One of the few teachings that remains stuck in my mind from an advertising class at university is that conservative Muslim countries were – and are still today – a huge market for luxury lingerie. It was 2002, one year into the Afghanistan war, and news channels suddenly obsessed by the Muslim way of life were churning out images of women covered in burqas. The idea that underneath those same veils those same women could be wearing La Perla bras and Dolce&Gabbana stockings struck me as a revelation.
I have a similar feeling when I open Iranian Living Room, a book that I’ve witnessed being born and raised over the past year and which was recently published by Fabrica (also the publisher of COLORS). Iranian Living Room is a collection of 15 photo reportages, shot by 15 Iranian photographers all under the age of 25, in 15 different homes, under the supervision of Enrico Bossan, Fabrica’s photography director.
There is a young couple brushing their teeth together. There are girls smoking and dancing. There is a man stroking his dog and people checking Facebook on their laptops. Everything seems so normal and yet enticing, probably because, as the book explains, in Iran, unmarried couples cannot live together, drinking alcohol is forbidden, taking animals around is against the law and Facebook is blocked. Like the lingerie of my advertising course, even the most banal things become magnets once they are hidden, censored, or prohibited.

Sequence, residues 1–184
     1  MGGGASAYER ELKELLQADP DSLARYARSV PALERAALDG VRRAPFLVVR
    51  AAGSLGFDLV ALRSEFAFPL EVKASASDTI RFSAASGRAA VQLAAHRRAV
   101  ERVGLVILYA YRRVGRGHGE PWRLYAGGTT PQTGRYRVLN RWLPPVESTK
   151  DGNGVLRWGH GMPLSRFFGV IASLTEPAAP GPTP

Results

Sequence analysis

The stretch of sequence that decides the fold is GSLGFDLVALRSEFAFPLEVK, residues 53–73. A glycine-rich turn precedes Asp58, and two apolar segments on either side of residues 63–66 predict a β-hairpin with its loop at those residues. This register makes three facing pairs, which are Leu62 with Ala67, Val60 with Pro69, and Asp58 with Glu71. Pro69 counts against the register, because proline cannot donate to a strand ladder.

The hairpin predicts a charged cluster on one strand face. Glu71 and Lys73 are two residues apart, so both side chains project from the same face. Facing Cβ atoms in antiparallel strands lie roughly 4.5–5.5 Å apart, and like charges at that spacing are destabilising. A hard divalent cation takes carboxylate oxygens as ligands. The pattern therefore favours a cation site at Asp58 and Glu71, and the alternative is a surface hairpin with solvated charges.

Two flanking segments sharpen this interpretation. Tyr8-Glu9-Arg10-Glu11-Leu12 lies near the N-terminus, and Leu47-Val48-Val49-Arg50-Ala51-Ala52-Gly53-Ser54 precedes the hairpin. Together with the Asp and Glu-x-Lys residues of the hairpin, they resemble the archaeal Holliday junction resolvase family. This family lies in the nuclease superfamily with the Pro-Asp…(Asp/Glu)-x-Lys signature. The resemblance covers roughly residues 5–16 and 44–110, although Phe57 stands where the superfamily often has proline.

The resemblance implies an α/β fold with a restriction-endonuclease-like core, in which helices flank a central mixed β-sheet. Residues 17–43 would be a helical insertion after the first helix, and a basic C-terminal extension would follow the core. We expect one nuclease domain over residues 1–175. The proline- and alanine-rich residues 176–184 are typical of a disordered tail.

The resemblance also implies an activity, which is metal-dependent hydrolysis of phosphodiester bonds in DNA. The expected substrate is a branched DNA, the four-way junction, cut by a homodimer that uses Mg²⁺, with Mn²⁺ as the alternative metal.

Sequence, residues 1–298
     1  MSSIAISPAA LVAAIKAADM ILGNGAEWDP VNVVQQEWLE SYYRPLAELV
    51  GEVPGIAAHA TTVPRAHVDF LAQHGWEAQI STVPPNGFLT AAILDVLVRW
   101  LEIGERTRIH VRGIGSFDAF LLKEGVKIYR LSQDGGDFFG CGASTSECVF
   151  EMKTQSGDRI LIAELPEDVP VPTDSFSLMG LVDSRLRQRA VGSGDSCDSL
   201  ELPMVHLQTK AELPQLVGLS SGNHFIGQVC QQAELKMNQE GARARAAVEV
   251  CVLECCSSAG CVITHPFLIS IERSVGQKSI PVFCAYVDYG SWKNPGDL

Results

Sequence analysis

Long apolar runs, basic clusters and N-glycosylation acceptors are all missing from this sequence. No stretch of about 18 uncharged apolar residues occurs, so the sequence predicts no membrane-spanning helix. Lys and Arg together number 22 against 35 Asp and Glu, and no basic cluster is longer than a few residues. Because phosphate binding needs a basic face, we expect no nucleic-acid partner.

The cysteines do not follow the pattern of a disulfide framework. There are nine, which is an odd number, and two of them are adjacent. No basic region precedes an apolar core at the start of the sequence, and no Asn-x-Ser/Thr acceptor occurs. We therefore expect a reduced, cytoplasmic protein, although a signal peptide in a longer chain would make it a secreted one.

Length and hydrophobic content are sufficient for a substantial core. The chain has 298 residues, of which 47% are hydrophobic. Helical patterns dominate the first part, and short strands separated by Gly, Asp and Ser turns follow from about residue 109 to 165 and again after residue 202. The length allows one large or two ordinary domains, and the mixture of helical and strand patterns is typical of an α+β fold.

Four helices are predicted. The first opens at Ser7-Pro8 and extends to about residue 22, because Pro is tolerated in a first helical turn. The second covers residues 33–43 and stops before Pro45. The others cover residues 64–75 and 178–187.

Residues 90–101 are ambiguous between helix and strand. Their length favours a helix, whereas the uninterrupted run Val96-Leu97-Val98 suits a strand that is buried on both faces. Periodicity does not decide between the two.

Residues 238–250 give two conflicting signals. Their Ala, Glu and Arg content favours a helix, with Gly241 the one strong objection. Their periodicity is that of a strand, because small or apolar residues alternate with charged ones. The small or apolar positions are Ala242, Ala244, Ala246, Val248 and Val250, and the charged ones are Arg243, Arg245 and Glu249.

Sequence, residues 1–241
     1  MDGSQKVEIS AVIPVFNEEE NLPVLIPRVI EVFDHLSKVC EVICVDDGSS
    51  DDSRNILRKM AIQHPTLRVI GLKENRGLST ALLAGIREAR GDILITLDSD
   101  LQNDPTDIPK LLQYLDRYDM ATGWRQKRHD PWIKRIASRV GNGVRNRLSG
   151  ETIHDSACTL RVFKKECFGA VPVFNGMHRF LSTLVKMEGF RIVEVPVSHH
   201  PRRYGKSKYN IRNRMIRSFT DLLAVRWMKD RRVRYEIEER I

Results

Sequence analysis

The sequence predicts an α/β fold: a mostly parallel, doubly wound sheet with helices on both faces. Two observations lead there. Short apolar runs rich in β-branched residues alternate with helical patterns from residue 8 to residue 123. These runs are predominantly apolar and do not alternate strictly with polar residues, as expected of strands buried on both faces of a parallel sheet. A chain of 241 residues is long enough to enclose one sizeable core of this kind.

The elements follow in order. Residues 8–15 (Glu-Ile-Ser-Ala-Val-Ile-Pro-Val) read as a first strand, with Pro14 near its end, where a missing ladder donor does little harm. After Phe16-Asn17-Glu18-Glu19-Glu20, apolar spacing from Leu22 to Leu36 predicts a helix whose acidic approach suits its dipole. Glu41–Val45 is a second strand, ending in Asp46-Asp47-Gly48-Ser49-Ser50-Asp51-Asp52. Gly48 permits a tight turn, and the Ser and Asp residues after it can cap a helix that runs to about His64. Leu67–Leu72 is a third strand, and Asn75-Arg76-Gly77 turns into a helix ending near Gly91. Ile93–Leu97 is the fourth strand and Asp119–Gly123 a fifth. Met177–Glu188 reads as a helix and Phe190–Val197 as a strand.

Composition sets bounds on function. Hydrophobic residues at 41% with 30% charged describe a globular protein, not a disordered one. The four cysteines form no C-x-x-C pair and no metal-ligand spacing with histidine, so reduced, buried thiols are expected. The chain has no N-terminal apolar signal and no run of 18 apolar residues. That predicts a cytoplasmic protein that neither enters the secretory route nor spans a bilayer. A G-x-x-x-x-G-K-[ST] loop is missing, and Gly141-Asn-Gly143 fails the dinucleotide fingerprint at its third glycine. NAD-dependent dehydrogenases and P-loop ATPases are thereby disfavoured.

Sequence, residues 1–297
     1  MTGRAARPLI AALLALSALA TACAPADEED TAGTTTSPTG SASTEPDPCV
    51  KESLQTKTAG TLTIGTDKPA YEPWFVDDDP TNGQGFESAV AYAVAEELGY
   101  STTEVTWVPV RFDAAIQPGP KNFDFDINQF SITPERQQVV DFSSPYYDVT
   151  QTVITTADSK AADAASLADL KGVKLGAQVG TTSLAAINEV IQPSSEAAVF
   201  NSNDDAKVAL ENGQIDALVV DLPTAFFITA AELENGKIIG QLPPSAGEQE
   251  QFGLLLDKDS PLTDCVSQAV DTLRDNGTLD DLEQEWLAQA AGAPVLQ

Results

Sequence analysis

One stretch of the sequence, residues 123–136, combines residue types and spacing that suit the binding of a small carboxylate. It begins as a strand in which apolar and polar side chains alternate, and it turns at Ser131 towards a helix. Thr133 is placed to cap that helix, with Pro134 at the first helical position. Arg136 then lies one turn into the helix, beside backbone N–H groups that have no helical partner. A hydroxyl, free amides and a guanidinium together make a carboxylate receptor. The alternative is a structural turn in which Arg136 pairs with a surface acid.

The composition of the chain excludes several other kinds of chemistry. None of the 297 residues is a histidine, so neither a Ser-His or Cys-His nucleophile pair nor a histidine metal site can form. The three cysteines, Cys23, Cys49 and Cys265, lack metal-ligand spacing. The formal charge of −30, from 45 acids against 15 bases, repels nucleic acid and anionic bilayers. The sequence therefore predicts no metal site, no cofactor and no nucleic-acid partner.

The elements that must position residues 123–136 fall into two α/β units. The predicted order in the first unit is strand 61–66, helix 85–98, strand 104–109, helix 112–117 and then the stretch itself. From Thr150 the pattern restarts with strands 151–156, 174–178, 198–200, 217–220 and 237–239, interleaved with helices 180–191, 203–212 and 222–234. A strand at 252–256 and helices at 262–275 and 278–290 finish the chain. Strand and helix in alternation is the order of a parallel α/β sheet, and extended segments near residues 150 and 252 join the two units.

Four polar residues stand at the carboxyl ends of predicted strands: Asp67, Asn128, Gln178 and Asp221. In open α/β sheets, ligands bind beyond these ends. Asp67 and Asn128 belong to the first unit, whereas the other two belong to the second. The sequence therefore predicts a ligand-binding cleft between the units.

Oddly enough, the same rule applies to the book itself. After putting Iranian Living Room up for sale on its online shop, Fabrica realized that people trying to buy the book could not finish their transactions. Further investigation revealed that Paypal was blocking sales because the book's title contained the word “Iranian”, in accordance with United States trade sanctions on Iran. Before Paypal could fix the problem, word had spread on social networks, blogs and news websites (New York Times, Huffington Post, CNN among others,) turning it into a small editorial case and a good story for COLORS, which has often talked about censorship (here, here and here for example), no matter who was censoring and who was being censored.
Executive Editor - COLORS Magazine